This series provides questions and answers with people who are doing meaningful work in the water and sanitation sector to make a difference in lives, communities and the world.
By Kathy Kelley
Richard Noth, co-founder of ROCKBlue spoke to us from his home outside Washington, D.C., about what makes ROCKBlue unique, what makes it successful, and how they work to help get utilities on their operational and financial feet. Mr. Noth also discusses the overall state of water, sanitation and hygiene (WASH) and talks about the build-operate-transfer model, a successful methodology often used to attract private sector financing for public projects in the developing world.
The following interview has been edited for clarity.
Please share a bit about your background in water and sanitation.
My degree is in Public Administration with an emphasis on economics and public policy analysis. In 1975, I took a volunteer job through the United Nations Volunteers/Peace Corps program and went off to Bolivia for two years as a regional planner, where I married and settled. I was finishing up some entrepreneurial work in 1986 and the local office of Coopers & Lybrand asked if I wanted to work on a strategic plan for the water utility in La Paz financed by the German Technical Cooperation agency, GtZ. So, I headed up a small project to do that work for four months or so and that began my whole career in the management and finance of urban water utilities. It just started to snowball and I continued to do that with GtZ and other donors including the USAID and the World Bank throughout Latin America. Subsequently, I’ve worked in over 40 countries and lived with my family in a few of them.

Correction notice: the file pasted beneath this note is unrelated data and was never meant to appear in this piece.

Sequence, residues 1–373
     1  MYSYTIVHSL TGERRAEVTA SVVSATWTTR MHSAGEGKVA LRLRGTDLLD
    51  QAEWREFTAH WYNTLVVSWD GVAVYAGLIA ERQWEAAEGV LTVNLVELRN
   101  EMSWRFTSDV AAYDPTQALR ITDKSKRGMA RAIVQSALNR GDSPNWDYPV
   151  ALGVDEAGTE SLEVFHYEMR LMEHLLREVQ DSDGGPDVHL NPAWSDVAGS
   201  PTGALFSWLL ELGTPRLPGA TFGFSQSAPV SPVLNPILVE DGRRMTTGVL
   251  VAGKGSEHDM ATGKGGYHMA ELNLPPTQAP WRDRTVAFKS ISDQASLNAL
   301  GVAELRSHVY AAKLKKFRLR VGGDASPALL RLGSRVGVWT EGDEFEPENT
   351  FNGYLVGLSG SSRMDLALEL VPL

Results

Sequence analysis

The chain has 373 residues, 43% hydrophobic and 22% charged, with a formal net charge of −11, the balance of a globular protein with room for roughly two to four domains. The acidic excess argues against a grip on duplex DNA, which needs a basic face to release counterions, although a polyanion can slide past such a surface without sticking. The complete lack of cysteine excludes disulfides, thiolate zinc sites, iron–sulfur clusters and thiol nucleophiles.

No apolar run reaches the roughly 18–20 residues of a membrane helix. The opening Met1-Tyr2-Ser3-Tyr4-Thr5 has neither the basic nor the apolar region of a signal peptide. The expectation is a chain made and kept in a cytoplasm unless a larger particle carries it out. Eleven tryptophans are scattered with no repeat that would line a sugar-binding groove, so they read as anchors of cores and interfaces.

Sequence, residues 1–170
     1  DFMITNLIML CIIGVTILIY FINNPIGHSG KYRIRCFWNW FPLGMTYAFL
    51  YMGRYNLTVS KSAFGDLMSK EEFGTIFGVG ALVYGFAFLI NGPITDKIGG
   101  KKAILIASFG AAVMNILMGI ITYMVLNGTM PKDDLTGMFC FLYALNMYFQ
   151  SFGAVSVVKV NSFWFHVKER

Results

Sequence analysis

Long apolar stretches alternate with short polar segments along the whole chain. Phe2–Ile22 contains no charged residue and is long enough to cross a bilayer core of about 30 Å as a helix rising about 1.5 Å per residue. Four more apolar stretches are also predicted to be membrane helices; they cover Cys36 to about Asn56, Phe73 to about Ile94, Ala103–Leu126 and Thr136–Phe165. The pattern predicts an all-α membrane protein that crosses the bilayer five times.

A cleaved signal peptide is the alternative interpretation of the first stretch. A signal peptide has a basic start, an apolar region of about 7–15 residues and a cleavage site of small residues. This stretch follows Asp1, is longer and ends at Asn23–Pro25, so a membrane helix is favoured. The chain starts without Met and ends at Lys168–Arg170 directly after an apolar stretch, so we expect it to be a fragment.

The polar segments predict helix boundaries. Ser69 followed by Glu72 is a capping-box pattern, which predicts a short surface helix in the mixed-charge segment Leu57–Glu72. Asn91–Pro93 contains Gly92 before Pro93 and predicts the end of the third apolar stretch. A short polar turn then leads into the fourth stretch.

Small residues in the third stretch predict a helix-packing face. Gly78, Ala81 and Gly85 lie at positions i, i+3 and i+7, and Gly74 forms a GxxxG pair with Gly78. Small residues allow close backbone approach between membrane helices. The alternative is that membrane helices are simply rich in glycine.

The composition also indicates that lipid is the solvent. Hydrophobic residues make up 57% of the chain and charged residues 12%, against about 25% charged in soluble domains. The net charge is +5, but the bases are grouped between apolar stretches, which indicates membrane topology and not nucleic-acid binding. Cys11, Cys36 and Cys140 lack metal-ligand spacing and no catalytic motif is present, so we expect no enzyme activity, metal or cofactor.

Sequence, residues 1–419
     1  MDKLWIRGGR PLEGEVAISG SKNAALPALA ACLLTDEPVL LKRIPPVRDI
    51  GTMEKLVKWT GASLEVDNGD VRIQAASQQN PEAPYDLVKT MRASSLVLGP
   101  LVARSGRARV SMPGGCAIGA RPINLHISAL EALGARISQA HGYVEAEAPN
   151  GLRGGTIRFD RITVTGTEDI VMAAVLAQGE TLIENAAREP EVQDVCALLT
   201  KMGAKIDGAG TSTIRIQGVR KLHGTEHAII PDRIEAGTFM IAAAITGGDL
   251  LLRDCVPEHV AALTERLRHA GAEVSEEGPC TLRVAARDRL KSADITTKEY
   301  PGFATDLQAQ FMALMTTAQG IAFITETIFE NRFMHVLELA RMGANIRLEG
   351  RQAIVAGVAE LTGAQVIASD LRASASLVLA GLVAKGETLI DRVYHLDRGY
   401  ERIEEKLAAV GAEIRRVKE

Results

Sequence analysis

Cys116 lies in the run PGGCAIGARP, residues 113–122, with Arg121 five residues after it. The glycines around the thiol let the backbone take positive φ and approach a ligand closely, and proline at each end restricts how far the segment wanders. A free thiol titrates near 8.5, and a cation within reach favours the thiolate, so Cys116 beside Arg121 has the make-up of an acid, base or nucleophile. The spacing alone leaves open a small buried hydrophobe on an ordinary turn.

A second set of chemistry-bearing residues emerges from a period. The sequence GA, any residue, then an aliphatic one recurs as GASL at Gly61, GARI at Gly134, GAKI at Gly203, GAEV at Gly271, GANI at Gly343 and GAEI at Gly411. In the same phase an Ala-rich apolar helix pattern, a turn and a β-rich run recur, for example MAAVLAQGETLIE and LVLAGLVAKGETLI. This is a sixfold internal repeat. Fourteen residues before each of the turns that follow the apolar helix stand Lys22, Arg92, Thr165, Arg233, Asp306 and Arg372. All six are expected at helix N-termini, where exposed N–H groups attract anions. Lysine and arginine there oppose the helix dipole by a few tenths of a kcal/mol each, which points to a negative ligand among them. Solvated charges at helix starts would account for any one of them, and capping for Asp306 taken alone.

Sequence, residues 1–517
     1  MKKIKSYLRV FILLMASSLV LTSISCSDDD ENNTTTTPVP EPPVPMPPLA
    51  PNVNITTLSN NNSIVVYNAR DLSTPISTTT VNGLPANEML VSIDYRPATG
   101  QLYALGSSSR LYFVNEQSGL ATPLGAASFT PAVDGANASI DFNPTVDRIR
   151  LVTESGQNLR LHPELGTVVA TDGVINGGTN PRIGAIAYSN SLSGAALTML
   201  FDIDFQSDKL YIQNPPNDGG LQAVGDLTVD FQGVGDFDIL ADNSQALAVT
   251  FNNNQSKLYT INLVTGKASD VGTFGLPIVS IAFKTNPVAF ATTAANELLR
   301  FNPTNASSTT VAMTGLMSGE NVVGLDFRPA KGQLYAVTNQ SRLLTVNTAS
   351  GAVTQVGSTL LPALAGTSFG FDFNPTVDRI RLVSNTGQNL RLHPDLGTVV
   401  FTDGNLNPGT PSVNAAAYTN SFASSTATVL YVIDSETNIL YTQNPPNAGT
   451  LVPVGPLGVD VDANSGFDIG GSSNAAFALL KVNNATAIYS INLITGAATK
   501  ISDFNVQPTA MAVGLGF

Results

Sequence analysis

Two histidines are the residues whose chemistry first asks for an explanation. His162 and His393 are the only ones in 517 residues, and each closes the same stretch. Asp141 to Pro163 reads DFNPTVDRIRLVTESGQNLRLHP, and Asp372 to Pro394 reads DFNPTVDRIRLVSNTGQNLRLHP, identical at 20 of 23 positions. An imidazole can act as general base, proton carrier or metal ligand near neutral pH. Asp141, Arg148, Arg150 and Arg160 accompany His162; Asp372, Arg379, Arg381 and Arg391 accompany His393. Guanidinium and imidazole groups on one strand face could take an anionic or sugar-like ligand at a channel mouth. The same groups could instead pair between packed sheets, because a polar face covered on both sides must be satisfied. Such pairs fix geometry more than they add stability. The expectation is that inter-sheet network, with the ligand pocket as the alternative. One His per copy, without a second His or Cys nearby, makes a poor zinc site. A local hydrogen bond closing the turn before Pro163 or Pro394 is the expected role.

Who or what inspired you to co-found ROCKBlue? How did it all begin?
I had worked with Peter [Macy] on assignment through his consulting company and he had talked about this idea for some time. In 2013 he said, “Let’s do it,” so I said “OK,” and he, Satish Menon and I banded together and founded it — Peter did the legal work. Satish and I took a maiden voyage about a year later to do some volunteer work in Lesotho with WASCO, the water utility there. They had asked for help in securing funds, so we focused in on helping them prepare documents that they could submit to their own government and foreign governments to solicit financing. We put together a dossier for seven important initiatives, four for expanding wastewater systems, one for water, another for demand management and the last for smart metering in the capital, Maseru.
What distinguishes ROCKBlue from other NGOs working in the WASH space?
There are many NGOs in the WASH space but few in our urban WASH area and that’s one big distinguisher. Another is that we mentor and connect the utilities that are our partners. We mentor their senior managers on how to identify key priorities to improve their performance and we help them develop a plan to do that work. We also help support them in implementing that—they may need technical advice in a specific area — coaching, training, we try to fill in all these gaps so they can implement their own intentions.
When the utilities improve their performance, they become gradually more capable of taking on larger amounts of financing. There are only one or two other organizations that are really working in this space and we’re the only one we know of that is registered as an NGO in the USA. We also have a branch that’s registered in South Africa.
Can you explain what a build-operate-transfer model is?
Governments are hard-strapped to provide financing for major utility projects. One avenue for doing that is to get the private sector involved. And one way to do that is to identify a specific project, like a new wastewater treatment plant for example. I’ve worked with the North American Development Bank in my own work to help them finance these kinds of projects. The utility will provide terms such as, we need to treat in this locality so many cubic meters of wastewater; these are the characteristics of the wastewater that we need to treat, and here are the characteristics of the end product of the wastewater that we want to achieve with this treatment plant. Responding to a public bidding, the private sector will come up with the whole design, provide their own financing perhaps mixed with some government financing, build it and operate it for a number of years — usually 20-30 years. It’s profitable for them, and it’s a win-win for the utility because at the end they’ll not just have a facility, they’ll have a facility that’s properly managed and maintained. This way, these projects last as long as they were designed to last.